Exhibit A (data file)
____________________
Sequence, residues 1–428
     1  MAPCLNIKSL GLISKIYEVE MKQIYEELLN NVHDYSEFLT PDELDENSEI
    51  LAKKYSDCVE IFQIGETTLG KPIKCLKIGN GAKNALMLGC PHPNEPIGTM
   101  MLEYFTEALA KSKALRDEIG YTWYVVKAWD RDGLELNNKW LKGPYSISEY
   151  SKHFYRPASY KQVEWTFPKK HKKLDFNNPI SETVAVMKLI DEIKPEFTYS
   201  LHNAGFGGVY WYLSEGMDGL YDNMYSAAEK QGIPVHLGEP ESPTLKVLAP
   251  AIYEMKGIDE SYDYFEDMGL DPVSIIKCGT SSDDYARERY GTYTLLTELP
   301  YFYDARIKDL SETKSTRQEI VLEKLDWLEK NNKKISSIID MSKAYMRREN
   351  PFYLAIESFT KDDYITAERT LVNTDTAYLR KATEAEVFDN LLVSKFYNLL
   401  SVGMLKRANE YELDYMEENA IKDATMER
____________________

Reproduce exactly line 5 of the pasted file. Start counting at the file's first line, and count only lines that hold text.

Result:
   151  SKHFYRPASY KQVEWTFPKK HKKLDFNNPI SETVAVMKLI DEIKPEFTYS